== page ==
Should Paschal Donohoe be forced to resign over his failure to declare about €1,000 in election services from his friend Michael Stone?
This is the space we are now in as we await Donohoe’s latest statement in the Dáil next Tuesday.
By rights, given what is believed to be the relatively small amount of money involved, this matter could have and should have been put to bed two days ago, but Donohoe’s curiously misjudged handling of the matter all week has only allowed the opposition parties to heap misery on his strained shoulders.
Readers of this column will know I have long been an admirer of Donohoe and have named him on more than one occasion as my politician of the year.
He has represented the best in Irish politics — something which has been sorely lacking.
A true intellectual, Donohoe’s economic prowess has served him and the country well in recent times and his handling of the economy during Covid-19 has been vindicated.
He also has managed to keep his feet somewhat on the ground for the most part of his career, a task which is normally impossible when you are a minister for so long.
The rarefied air of palaces, ballrooms, limos, and big meeting rooms would impact on even the most down to earth character after a while.
When I started in Leinster House in 2007, Donohoe had just been elected to the Seanad.
Even then, it was obvious that the Upper House was not the summit of his ambitions and his entry into the Dáil came in 2011.
It was Lucinda Creighton’s downfall over the Protection of Life during Pregnancy Bill in 2013 that saw Donohoe’s ministerial career commence, at junior level ahead of his elevation to Cabinet as transport minister in 2014.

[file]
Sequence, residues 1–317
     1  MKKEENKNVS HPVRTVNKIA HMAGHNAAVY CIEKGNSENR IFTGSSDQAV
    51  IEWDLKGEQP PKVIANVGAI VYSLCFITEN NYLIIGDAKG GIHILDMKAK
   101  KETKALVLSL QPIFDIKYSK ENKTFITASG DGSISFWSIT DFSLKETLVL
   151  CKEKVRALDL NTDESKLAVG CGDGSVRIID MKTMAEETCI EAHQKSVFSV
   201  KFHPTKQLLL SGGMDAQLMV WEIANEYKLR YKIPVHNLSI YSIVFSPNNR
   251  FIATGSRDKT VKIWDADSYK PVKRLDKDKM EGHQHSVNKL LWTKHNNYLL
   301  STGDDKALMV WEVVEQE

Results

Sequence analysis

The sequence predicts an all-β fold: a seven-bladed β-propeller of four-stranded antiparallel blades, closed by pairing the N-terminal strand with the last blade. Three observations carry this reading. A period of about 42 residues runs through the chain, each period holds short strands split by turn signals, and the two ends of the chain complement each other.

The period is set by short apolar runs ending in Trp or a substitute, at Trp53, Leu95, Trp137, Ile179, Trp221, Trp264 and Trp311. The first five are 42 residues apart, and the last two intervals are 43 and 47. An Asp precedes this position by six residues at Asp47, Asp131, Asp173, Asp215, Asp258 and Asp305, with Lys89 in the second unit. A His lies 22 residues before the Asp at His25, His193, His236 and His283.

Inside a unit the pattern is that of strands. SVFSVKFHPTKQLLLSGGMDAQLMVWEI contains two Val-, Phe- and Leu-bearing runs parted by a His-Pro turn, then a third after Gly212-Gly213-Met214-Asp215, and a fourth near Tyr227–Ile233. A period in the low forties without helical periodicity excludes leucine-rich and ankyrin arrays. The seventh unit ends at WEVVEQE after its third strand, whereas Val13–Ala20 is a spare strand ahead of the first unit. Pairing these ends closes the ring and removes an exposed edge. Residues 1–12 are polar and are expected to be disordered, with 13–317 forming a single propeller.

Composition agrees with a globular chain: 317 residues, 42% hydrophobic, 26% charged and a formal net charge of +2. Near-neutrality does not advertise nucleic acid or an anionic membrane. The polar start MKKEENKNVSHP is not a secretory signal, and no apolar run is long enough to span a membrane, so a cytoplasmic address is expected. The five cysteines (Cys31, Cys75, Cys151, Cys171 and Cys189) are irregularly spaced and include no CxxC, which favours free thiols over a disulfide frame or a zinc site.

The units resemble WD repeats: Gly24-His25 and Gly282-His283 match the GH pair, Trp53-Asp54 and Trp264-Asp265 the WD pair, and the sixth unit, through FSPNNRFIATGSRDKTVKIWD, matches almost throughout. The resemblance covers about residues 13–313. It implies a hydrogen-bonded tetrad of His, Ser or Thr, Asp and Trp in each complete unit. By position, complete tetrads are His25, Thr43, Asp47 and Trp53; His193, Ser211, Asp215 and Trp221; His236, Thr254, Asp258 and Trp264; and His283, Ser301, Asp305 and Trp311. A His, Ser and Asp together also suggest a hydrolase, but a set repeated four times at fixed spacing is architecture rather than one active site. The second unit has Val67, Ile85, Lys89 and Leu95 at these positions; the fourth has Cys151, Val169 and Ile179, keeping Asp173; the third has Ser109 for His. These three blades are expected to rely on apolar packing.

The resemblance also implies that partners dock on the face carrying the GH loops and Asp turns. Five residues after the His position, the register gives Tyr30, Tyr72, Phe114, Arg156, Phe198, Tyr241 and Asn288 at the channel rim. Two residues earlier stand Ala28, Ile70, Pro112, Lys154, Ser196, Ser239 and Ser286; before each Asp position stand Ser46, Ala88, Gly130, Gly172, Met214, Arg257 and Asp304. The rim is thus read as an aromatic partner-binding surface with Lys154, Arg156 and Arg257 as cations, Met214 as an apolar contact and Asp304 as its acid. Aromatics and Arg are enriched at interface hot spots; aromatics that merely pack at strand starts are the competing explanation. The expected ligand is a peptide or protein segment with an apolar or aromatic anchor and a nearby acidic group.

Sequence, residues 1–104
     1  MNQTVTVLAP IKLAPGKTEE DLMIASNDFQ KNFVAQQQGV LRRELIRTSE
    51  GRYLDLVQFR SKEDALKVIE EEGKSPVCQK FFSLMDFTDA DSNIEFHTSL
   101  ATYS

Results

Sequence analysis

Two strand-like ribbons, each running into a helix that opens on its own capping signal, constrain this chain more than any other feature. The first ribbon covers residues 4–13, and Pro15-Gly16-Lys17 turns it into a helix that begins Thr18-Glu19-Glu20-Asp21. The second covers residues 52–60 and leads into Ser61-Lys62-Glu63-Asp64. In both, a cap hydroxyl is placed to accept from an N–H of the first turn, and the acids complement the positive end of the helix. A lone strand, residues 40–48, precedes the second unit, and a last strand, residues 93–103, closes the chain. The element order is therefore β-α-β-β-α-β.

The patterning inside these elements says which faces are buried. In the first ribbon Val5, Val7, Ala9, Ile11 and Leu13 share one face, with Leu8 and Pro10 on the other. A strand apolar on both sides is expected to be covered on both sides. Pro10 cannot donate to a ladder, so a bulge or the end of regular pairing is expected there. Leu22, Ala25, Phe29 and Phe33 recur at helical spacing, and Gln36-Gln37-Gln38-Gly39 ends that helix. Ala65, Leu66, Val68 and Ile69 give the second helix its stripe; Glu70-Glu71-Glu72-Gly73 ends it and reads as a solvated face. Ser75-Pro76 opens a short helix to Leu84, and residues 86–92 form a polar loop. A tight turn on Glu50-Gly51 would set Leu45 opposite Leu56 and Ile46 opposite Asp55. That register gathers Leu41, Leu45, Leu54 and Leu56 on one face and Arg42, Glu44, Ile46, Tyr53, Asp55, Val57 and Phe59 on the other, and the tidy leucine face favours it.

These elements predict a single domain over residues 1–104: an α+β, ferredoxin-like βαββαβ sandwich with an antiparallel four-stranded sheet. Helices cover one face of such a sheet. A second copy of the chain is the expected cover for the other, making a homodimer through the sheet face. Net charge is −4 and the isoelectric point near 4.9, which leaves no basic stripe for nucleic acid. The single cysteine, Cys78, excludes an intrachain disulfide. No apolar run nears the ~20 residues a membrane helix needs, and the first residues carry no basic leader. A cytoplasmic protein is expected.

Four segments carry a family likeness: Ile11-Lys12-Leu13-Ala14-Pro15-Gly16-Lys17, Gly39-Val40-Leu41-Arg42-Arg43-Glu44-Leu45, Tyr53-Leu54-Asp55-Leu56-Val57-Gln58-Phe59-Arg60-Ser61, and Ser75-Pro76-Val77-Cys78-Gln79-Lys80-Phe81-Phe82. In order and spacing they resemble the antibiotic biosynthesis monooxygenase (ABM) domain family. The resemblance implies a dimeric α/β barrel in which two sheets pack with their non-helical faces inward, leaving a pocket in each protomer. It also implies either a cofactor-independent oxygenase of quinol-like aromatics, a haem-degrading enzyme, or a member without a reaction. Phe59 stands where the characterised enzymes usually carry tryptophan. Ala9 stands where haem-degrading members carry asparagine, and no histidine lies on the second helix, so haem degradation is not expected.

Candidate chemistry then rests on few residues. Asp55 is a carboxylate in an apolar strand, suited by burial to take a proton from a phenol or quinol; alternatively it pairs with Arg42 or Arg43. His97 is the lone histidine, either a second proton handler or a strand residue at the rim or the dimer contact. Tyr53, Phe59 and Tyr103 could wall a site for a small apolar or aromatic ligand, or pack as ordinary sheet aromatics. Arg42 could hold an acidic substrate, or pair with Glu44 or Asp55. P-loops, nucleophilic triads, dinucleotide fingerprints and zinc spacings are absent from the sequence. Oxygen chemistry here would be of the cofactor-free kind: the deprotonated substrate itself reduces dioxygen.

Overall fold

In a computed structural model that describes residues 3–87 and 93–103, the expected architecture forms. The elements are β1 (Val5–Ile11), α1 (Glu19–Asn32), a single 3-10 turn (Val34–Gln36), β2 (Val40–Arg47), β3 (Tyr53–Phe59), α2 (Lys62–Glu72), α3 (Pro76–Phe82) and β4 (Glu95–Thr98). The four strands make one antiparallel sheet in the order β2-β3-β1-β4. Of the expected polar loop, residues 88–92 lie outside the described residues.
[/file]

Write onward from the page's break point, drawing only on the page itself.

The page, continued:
After the 2016 election, he was appointed public expenditure and reform (PER) minister for the first time and on Leo Varadkar taking office he took on the dual role in PER and the finance portfolio.
His return to the public expenditure portfolio in December as part of the historic changeover of power between Leo Varadkar and Micheál Martin did not prevent Donohoe, the boy from Blanchardstown, from retaining his role as President of the Eurogroup.
Throughout his entire career, Donohoe has consciously and deliberately portrayed a style of someone driven by the idea of the public good.
‘Pious Paschal’ or ‘Prefect Paschal’ have been monikers attributed to him for his best boy in class manner of doing things.
But more than an image, those who know Donohoe will know he is as earnest as he comes across.
He will be beating himself up silly over this matter as it has done so much damage to that carefully curated image of goodness.
He has managed to avoid personal controversy even if his political decision making as director of elections for Fine Gael in the 2020 General Election campaign or as finance minister have been criticised.
Yet, since my story on irishexaminer.com last Saturday and a story in last Sunday’s Sunday Independent about Donohoe being subject to a Sipo complaint (both of which followed on from a story in The Phoenix a few days previous), Donohoe has allowed himself be led from controversy to a crisis where his position is in the balance.
While his spokeswoman did proffer a statement to the Irish Examiner last Saturday, the story and the emerging controversy led to Donohoe calling a hastily organised press conference on the street outside a closed Merrion Square.
So hastily was it organised that the notice stated the event would take place inside the park at 4.30 even though it has already closed for the night as darkness fell.
He admitted to knowing about allegations about this in 2017 but not doing anything about it.
He said on foot of the Sipo complaint he reviewed his files and identified an anomaly of €1,057 for the putting up of posters and the use of a van.
Trickier for Donohoe was the fact that his office had sought to pawn off media inquiries about this matter since November, claiming there was “nothing to see here”.
On one level, I considered what he did was smart in seeking to be fully transparent and try and close down all potential avenues of attack from the media and his opponents.
Handling of controversy
But as with other controversies in the past, you know you really only get one chance to hold your hands up and plead a ‘mea culpa’.
On Monday morning, I was asked to appear on RTÉ’s Morning Ireland to d